As the world celebrates Data Privacy Day today, we should collectively explore how to enhance privacy in an era where sharing is abundant and increasingly necessary to provide customers with the many cutting edge innovations they desire.
The Pew Research Internet Project recently published a thoughtful report assessing the Future of Privacy. A foundational conclusion within the Report, contributed by researcher Stowe Boyd, is that social life is rapidly changing in the digital age, with a shifting boundary between being public and being private, where publicity is emerging as the “default modality.” In light of this reality, the Report also recognizes that data responsibility and trust are now more important than ever.
There is little doubt about the beneficial and transformative outcomes of data, analytics and data-driven innovation. In our 2013 white paper, SIIA explained that data is the fuel of the digital era, and data-driven innovation the engine of digital commerce and economic growth. The McKinsey Global Institute has projected that widespread use of big data analytics could increase annual GDP in retail and manufacturing by up to $325 billion in 2020, and produce up to $285 billion in productivity gains in health care and government services, totaling $610 billion annually.
While most expectations around big data are focused on the private sector, Data-driven innovation is also increasingly critical for governments to improve the lives of citizens. Today, in cities around the United States, citizens can log on to integrated government websites to learn about neighborhood school performance and hospital wait times; and use that information to make important personal decisions, such as where they choose to move and where they seek treatment in an emergency. And, real-time weather forecasts, transit information, and health alerts, generated entirely from government data—often through commercial smartphone applications—are just a few among many examples that further improve people’s quality of life.
A fundamental element of privacy is trust—an understanding that those who you are sharing with will honor your expectations, protect your sensitive data and use it in a responsible way that you would expect. Therefore, for data-driven innovation to be successful, both private entities and governments must be committed to responsible data stewardship. Research has shown that customers who have significant trust in an entity actually expect that entity to apply their data in ways that will benefit them.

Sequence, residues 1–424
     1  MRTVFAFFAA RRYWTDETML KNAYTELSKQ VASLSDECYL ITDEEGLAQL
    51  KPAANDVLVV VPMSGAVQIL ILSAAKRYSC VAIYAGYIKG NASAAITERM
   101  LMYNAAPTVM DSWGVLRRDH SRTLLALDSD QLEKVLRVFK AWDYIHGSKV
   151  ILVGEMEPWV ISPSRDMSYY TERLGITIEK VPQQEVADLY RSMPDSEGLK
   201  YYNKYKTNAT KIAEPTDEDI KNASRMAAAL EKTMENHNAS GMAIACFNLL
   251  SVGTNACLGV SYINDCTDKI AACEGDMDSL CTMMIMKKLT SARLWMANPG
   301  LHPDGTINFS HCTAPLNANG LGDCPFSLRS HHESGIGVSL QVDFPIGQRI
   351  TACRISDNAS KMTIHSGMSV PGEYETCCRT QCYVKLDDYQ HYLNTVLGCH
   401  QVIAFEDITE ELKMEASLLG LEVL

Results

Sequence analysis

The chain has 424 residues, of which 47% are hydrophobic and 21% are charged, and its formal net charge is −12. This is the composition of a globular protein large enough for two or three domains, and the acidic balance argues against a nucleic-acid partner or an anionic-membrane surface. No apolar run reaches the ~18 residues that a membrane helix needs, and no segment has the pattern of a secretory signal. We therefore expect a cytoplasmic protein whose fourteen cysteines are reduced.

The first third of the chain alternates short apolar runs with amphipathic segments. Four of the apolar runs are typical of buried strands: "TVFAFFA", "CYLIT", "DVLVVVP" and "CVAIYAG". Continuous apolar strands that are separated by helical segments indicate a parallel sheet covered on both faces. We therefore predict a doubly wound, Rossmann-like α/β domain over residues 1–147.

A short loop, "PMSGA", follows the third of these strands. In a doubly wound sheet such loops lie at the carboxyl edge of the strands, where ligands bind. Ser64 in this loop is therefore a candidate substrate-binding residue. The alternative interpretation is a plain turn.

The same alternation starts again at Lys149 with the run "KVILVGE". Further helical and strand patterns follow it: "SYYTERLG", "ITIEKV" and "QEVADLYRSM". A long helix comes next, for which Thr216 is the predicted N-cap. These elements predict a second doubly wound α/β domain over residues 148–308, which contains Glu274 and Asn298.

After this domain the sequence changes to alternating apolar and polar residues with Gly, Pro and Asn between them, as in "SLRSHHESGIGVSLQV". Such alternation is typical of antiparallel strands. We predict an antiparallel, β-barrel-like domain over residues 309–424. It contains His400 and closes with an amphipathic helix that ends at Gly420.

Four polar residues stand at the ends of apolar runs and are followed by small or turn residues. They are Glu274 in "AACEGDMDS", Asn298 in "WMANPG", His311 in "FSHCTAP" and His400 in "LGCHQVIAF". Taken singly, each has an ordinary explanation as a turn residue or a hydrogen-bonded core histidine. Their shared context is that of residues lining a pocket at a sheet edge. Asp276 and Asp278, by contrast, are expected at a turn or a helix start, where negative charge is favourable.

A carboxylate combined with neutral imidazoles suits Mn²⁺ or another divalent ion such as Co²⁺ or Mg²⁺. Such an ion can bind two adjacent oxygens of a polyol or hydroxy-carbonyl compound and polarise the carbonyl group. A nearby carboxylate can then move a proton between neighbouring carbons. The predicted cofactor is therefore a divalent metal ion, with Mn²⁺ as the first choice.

Privacy by Design, the practice of embedding privacy considerations into new technologies and business practices right from the outset, is a critical component of responsible data stewardship. Organizational policies that govern information collection, management and application of data, are also critical because they can provide for responsible data management, while retaining the flexibility to meet various—evolving—legal, social and cultural requirements and expectations around the world.
When considering a policy regime to govern privacy in the era of big data, policymakers should continue to encourage businesses to be trusted data stewards by being open and honest about how they collect, use and share personal information, and to clearly communicate any available privacy and security controls. For instance, Research has concluded that in many cases, de-identification can maximize both privacy and data quality, thereby enabling a shift from zero-sum to positive-sum thinking — a key principle of Privacy by Design.
Whether referred to as responsible data stewardship or information accountability, establishing a sense of trust and fairness is critical for data-driven innovation that maximizes social innovation and economic growth, and balances this with the appropriate level of privacy. Herein is the most important theme of Data Privacy Day: if consumers lack trust, they feel their data is being used unfairly or is not adequately safeguarded; the opportunities for transformative consumer benefit are simply not possible over the long term.